The constantly changing circumstances of rural life in sub-Saharan Africa have brought with them both successes and failures. The essays in this volume examine the various pressures and inducements to changing resource-use patterns faced by rural households, and explore the two-way causal relationship between technology and technological change on the one hand and other key elements of rural change - demographic, environmental, economic, social, and political - on the other. Contemporary approaches to the introduction of technical innovations are examined, and new approaches are proposed. Through case studies of particular communities, the wide-ranging impacts of past experiences are assessed, and the causes and consequences of indigenous initiatives are explored.
Table of Contents
Contents: P. Richards, Experimenting Farmers and Agricultural Research - R. Chambers and C. Toulmin, Farmer-First: Achieving Sustainable Dryland Development in Africa - D. Hunt, Farm System and Household Economy as Frameworks for Prioritising and Appraising Technical research: A Critical Appraisal of Current Approaches - P. Starkey, Animal Traction: Constraints and Impact among African Households - J.D. van der Ploeg, Autarky and Technical Change in Rice Production in Guinea Bissau: on the Importance of Commoditisation and Decommoditisation as Interrelated Processes - C. Toulmin, Staying Together: Household Responses to Risk and Market Malfunction in Mali - M. Haswell, Population and Change in a Gambian Rural Community: 1947-1987 - J.W. Harmsworth, The Impact of the Tobacco Industry on Rural Development and Farming Systems in Arua, Uganda - A. Cheater, Issues of Energy Autarky and Interdependence among Small-scale Commercial Farmers in Zimbabwe - D. Bruinsma and R. Nout, Choice of Technology in Food Processing for Rural Development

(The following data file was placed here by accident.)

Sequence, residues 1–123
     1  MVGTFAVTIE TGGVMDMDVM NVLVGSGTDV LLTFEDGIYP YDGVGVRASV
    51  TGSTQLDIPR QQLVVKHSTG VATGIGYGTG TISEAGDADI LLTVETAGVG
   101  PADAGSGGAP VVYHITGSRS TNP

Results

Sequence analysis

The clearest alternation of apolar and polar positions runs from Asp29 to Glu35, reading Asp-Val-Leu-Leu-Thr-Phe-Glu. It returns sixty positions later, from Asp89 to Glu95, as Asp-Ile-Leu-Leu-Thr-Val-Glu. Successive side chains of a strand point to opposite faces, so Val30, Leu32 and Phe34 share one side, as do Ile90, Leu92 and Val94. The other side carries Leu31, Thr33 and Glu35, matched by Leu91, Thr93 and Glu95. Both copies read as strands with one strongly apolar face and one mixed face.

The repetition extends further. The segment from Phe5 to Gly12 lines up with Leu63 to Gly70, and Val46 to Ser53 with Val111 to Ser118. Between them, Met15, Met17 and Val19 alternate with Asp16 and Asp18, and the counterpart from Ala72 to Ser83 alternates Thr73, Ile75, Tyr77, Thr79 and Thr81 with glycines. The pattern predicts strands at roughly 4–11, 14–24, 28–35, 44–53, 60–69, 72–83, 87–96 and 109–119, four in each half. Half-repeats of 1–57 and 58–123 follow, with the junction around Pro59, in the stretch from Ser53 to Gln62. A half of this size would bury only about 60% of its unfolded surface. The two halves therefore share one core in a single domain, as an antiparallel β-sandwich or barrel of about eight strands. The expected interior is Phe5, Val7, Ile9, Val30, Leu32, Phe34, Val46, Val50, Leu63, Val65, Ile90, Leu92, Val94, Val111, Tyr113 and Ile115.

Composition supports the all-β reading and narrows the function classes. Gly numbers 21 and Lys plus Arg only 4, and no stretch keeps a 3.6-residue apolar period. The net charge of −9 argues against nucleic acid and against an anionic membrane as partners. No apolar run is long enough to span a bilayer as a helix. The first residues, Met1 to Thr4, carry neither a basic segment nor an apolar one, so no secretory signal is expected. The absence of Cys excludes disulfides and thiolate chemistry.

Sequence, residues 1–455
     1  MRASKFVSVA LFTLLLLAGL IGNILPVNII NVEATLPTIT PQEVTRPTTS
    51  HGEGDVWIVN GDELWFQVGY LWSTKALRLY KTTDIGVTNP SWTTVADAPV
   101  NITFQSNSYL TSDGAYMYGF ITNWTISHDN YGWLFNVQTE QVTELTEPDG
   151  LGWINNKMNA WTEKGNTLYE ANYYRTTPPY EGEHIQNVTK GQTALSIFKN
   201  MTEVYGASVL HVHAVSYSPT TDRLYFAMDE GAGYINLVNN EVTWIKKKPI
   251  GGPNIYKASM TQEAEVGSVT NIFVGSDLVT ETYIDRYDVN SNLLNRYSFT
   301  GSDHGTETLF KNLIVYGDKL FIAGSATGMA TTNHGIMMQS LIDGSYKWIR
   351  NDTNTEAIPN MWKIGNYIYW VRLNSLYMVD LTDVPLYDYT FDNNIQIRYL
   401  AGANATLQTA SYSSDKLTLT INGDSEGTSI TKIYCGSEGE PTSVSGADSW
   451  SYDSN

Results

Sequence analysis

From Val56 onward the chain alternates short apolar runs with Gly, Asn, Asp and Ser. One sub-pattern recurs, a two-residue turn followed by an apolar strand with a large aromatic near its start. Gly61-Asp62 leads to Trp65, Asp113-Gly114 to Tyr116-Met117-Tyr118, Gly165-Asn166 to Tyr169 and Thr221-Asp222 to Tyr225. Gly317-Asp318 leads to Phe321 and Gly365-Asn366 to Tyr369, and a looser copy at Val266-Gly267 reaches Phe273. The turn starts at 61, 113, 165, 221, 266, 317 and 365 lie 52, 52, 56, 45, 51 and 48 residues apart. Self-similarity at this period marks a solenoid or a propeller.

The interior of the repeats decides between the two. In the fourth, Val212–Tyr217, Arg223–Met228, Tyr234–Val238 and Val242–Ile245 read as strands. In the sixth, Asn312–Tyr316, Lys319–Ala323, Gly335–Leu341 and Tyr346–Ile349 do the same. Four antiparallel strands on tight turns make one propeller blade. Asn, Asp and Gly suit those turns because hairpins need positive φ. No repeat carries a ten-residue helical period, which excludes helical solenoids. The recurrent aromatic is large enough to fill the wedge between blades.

Margaret Haswell Independent Consultant in Rural Development Diana Hunt Lecturer in Economics,School of African and Asian Studies, Sussex University